Five Tough Guys (aka Kung Fu Hellcats, 1974) Movie Review

“Five Tough Guys” is a new release of the 1974 Shaw Brothers film directed by Pao Hsueh-li, best known for his work on “The Water Margin” and “Boxer from Shantung”, both of which he co-directed with the legendary Chang Cheh (“The Five Venoms”). “Five Tough Guys” is one of the studio’s rare efforts, taking place in modern times, though quite obviously using the same old sets which will be instantly recognisable to fans of the studio.

The plot follows the titular gang of misfits, gathered together by Chen Kuan Tai (a real life martial arts champion who starred in many films for the studio) in order to protect a patriotic general from a scheming usurper. To this end, the unlikely heroes act as the general’s escorts on a dangerous journey to a distant British consulate, beset by enemies and sinister Japanese interference along the way.

Although the film is fairly short, the story does feel stretched a little thin, mainly as the espionage is largely confined to the first few scenes, with the rest of the running time being occupied by extended brawling. Similarly, the plot progression is often a little hazy, with characters and their enemies conveniently ending up in the same time at the same place, despite the fact that they are supposed to be engaged in a cross country chase. Although this is a fairly minor criticism for a film whose purpose is to entertain through martial arts action, it does drag things down somewhat, and prevents it from being truly gripping. This is a real shame, as the story is genuinely interesting, and certainly has the potential to make for a more epic, inspiring tale of heroism.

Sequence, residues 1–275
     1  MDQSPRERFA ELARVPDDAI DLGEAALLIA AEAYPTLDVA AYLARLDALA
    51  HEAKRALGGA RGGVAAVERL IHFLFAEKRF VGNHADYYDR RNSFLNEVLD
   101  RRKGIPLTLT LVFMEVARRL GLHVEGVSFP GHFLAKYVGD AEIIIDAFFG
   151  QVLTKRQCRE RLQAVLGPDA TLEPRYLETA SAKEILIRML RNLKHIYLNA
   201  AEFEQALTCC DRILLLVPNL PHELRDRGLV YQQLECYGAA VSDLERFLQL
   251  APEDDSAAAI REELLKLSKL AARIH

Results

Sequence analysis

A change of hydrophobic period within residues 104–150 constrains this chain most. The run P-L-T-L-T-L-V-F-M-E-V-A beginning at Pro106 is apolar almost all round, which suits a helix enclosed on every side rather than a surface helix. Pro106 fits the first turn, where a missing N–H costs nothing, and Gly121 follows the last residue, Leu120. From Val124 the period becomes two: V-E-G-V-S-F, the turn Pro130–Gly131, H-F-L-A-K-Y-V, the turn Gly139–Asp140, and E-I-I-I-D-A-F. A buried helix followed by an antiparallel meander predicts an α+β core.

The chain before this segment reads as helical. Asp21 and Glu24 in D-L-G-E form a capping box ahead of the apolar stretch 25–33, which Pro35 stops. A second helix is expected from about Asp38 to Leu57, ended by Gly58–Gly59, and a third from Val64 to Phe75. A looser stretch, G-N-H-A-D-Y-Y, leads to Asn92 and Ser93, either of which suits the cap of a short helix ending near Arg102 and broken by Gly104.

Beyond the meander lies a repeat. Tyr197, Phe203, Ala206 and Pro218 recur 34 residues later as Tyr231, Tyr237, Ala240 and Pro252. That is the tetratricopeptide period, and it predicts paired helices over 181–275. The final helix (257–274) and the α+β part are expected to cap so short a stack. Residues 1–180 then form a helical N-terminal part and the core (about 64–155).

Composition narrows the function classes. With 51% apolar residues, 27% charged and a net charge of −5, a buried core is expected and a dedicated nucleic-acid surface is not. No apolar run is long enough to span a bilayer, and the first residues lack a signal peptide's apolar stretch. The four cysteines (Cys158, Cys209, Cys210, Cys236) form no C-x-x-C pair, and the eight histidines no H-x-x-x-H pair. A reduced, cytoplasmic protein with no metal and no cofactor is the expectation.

The five tough guys themselves are not particularly well drawn characters, which is a little strange for a film which at times seems to be styling itself as a gimmicky “Five Venoms” type piece and which features such a wealth of martial arts talent. In fact, the only one who really stands out is the fat guy, whose constant demands that the operation be a good advertisement for his ‘security company’ are very funny. Beyond this, the tough guys are little more than the usual righteous fighters, and though their cause is just and they have the requisite dastardly villains to battle, the viewer never becomes emotionally involved in their struggle.

Of course, the film’s main concern is its action, and on this level it certainly delivers some great fight scenes. Though Pao Hsueh-li’s direction is quite basic and the choreography is above average, with some clever editing adding extra impact and giving the film a more realistic feel. The final scene, in which the gang take on a huge, bestial Japanese brute is particularly exciting and makes for rousing viewing. Chen Kuan Tai is on good form in one of his early films, and shows some of the skills which would make him one of the studio’s most enduring stars.

Overall, “Five Tough Guys” is an enjoyable, though not hugely memorable Shaw Brothers release. Despite boasting some impressive melees, and largely managing to tick all the boxes on the martial arts film checklist, it remains a fairly generic effort, and one which is most likely to appeal only to fans of the studio’s output.

Hsueh Li Pao (director)
CAST: Hong-Yip Cheng, Kuan Tai Chen, Feng Ku, Chen Tien Loong

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